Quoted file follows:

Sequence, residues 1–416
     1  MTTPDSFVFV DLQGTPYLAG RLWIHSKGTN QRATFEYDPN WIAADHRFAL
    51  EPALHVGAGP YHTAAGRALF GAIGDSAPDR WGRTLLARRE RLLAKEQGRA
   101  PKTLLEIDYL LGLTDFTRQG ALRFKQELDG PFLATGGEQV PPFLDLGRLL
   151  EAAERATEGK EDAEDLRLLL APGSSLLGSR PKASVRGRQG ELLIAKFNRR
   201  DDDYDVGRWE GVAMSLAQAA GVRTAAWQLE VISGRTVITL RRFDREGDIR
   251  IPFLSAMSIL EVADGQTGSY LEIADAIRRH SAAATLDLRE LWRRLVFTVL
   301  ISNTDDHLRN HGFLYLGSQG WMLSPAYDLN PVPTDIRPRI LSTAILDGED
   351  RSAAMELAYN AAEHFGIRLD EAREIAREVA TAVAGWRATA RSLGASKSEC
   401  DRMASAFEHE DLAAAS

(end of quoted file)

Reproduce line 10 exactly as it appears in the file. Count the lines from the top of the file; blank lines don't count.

   401  DRMASAFEHE DLAAAS